How much water do you need? Eight to ten 8-ounce glasses each day. as you begin to meet this need by drinking more water, you natural thirst for it increases. As you figure out what water does for your body, your motivation for drinking it grows.
Try carry a reusable water bottle with you during the day. You’ll increase your water intake and reduce the impact on the environment by avoiding plastic throw-away bottles.
Source: Well-Being For Dummies Published by John Wiley & Sons, Inc.
Nutrients don’t have to come in a bottle. Try these foods first, says nutritionist Bonnie Taub-Dix, author of Read It Before You Eat It.
With 400 mg of calcium, 1 cup goes a long way toward your daily quota.
Just 3/4 cup offers 94 mg of calcium, as well as filling fiber and healthy fats.
1/2 cup gives you 122 mg of calcium, plus bone-building magnesium and vitamin K.
Source: Better Homes & Garden magazine April 2014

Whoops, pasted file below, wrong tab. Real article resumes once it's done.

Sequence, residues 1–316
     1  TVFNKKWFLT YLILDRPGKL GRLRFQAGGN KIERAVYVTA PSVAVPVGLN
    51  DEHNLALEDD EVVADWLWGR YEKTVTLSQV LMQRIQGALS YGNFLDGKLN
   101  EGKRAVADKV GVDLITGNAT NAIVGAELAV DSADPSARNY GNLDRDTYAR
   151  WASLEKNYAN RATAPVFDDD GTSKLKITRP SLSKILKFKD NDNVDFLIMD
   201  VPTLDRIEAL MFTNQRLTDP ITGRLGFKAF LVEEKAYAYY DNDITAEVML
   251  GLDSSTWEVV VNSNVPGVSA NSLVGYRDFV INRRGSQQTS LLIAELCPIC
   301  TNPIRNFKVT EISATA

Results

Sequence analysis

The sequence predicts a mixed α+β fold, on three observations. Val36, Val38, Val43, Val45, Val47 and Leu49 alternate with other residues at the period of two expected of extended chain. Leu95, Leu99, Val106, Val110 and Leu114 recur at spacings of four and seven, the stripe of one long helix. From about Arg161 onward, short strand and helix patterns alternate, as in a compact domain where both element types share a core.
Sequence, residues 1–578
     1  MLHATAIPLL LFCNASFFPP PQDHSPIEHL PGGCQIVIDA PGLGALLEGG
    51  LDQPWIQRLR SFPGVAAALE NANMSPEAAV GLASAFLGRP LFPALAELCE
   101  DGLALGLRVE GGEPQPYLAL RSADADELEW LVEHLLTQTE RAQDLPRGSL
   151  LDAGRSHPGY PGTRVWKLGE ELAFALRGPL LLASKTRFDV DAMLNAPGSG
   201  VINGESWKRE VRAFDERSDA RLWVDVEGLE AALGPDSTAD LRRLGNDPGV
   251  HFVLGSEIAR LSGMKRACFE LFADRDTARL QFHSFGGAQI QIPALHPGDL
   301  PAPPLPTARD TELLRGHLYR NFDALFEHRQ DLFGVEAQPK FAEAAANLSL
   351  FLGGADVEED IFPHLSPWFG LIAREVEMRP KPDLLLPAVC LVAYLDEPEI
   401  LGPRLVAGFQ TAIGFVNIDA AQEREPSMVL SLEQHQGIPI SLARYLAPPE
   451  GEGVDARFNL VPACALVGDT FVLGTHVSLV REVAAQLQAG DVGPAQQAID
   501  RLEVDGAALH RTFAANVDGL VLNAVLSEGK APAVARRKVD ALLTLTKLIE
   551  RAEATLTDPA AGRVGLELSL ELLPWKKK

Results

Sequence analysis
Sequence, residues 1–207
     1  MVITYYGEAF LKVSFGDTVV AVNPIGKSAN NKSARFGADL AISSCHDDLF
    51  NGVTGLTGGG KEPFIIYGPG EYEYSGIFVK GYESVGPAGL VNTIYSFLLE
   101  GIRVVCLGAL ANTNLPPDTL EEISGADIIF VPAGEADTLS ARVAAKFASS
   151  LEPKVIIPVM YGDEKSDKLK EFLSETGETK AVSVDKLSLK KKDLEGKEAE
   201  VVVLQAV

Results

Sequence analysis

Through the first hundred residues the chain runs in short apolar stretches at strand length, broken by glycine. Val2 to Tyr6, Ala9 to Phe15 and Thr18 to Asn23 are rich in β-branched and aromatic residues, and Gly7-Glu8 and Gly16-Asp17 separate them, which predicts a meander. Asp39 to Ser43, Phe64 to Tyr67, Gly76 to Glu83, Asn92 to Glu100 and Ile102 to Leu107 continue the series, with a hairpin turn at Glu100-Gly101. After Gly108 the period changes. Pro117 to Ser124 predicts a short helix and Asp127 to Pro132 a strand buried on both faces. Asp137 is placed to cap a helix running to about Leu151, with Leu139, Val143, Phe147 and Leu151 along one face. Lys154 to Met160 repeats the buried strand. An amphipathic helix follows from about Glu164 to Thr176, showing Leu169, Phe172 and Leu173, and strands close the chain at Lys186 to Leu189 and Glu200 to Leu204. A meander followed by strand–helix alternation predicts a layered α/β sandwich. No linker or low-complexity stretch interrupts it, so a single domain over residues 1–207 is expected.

If you have trouble controlling yourself around ice cream, chips and snack food, you’re not alone. And it’s probably not a willpower problem. New research suggests that overeating may be addictive behavior, stimulating the same pressure and reward centers of the brain that are responsible for substance addictions. Luckily, you can retrain your brain. Exercise is one way to do it. A recent study found that when people rode an exercise bike for an hour, their brains had a weaker response to food cues afterward. Or the next time you crave a piece of cake. think about the drawbacks of actually eating it or imagine that a bug had crawled on it. Another found that these simple techniques could increase activity in the parts of the brain that help you resist temptation.
Source: Remedy’s Healthy Living Spring 2014
Many cases of seasonal allergies, or hay fever, are because of pollen released from trees, grass, and weeds. Pollen counts tend to be highest between 5 a.m. and 10 a.m., so shifting your walk to later in the day might help curb your sneezing. Moving your workout indoors on days when pollen counts are very high might also help. You can track the counts for your region by visiting the website for the American Academy of Allergy Asthma and Immunology at aaaai.org/global/nab-pollen-counts.
Source: Consumer Reports on Health April 2014